Australia is attempting to let the air out of a housing bubble without also deflating a vital source of economic growth or stressing a deeply-indebted household sector.
It's a balancing act few others have pulled off and there is scant room for error as the country is already struggling with the aftermath of a once-in-a-century mining boom.
Adding to the stakes are record levels of household debt, whose ratio against disposable income is even higher than that of the United States when the market there collapsed in 2007. This has left policy makers in an uncomfortable bind.
The Reserve Bank of Australia (RBA) has made clear its reluctance to cut interest rates again for fear of overheating the market. But neither do they want home prices to fall in a way that would stress over-leveraged owners and potentially deal a damaging blow to the economy.
"This leaves a sense that it will be hard to get the Goldilocks adjustment the RBA would like, which stabilizes risks without snuffing out the growth contribution from housing," said Ben Jarman, an economist at JPMorgan.
That growth is desperately needed as mining spending is in full retreat after a decade of breakneck expansion. It was a major reason the RBA cut rates to record lows of 2 percent earlier this year, a stimulus that is seeing more homes built than ever before.
Yet it also sparked a stampede of borrowing for buy-to-rent properties, an investment which offers tax breaks in Australia. That in turn helped inflate home prices in the major centres of Sydney and Melbourne and draw the ire of regulators.
The RBA was alarmed enough to call housing the "key domestic source of risk" to both the financial system and the economy.
Its concerns only grew when a review of the commercial banks' books found home loans for investment had been understated by a whopping A$50 billion.
Regulators have responded by clamping down on lending practices and imposing a speed limit on growth in investment loans. Higher capital requirements on mortgages also led banks to lift borrowing costs on the vast bulk of their home loans.
All of which has had a sudden chill on home values.
Prices in Sydney fell 1.4 percent in November, according to Core Logic RPData, while Melbourne suffered a sharp 3.5 percent decline. The property consultant's measure of home values across the major cities is widely considered the most reliable.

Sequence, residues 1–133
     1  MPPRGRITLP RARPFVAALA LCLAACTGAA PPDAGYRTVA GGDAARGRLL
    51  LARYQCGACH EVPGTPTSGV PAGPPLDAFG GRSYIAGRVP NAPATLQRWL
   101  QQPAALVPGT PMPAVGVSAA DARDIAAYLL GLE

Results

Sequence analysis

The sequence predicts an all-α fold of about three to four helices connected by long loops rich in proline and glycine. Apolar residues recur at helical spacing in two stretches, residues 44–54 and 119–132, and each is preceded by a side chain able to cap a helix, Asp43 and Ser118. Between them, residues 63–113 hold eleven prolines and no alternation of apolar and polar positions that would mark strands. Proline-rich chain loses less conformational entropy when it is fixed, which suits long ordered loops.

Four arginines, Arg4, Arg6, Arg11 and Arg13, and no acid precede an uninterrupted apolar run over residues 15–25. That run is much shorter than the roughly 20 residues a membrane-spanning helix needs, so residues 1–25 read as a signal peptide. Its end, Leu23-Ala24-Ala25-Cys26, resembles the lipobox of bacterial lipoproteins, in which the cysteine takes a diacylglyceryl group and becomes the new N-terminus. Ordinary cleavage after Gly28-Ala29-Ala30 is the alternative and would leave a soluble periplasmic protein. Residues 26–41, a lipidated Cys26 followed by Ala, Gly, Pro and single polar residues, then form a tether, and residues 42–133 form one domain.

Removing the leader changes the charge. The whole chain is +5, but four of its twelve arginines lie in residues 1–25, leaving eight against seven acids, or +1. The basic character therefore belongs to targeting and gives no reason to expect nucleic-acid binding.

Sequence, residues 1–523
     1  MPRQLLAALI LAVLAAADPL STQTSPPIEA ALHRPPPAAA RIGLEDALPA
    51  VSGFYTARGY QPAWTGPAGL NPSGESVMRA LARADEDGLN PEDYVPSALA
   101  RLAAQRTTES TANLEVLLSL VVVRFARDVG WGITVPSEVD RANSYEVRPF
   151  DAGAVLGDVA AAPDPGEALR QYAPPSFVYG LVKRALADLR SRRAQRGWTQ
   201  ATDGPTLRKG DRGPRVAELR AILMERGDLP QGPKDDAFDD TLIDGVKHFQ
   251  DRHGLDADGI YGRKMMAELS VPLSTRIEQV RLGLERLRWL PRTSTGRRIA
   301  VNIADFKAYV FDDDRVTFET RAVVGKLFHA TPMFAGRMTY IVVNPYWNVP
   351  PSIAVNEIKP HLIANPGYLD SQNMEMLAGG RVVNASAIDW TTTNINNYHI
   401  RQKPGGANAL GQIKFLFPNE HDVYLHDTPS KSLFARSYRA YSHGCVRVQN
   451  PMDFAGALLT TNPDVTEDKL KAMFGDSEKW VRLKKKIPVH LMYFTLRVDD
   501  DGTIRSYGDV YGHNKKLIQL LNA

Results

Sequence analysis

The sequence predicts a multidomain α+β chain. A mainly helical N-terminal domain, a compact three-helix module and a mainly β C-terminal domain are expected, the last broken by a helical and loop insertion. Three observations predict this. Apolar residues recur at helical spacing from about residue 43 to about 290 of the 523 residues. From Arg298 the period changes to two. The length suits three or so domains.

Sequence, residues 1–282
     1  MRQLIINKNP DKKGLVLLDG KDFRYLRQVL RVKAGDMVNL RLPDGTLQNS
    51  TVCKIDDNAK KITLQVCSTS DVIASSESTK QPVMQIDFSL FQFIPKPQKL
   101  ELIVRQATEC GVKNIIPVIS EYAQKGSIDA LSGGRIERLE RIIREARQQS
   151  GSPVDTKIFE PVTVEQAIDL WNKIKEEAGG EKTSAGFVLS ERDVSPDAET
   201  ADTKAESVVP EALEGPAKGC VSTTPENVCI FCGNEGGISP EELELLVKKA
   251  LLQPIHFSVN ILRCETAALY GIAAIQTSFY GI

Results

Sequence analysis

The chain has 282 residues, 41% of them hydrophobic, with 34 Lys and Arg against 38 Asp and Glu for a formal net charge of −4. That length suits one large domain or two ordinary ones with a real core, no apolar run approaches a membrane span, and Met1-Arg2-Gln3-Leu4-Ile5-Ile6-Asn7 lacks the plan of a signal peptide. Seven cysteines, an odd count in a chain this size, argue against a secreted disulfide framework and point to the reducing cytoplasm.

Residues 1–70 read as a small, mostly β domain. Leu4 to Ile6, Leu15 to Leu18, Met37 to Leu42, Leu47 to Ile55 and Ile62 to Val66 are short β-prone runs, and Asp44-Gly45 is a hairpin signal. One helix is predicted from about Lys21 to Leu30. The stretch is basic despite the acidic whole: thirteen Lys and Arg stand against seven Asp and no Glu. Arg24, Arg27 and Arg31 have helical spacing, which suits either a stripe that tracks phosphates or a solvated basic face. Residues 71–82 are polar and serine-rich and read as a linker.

Annual price growth is still running above 10 percent in both cities, but leading indicators of demand such as auction clearance rates point to more falls ahead.
Appetites were already set to be sated by a packed pipeline of new homes. Particularly challenging will be the record number of high rise apartments under construction, heavily concentrated in the inner cities.
A sustained drop in home prices would be a dangerous development as Australians have an awful lot of debt - A$2.2 trillion in total with A$1.5 trillion of that in mortgages.
One key measure of risk is the ratio of debt to household disposable income, and it is already far into the red zone. Since early 2014 the ratio has shot up 15 percentage points to a dizzying 186 percent, near the highest in the rich world.
The same ratio in the United States peaked in 2007 at around 130 percent before that market crashed, although the type of high-risk subprime debt that did so much damage in the U.S. is almost nonexistent in Australia.
Australia's banks also have greater exposure to property than most of their peers, with mortgages accounting for fully 60 percent of their loans.
"While the Reserve Bank is likely to welcome a slowdown in home value appreciation, the overriding objective would be to avoid a significant downturn in the housing market," says Tim Lawless, head of research for RP Data.
"It would act as a weight on economic growth and potentially impact financial system stability."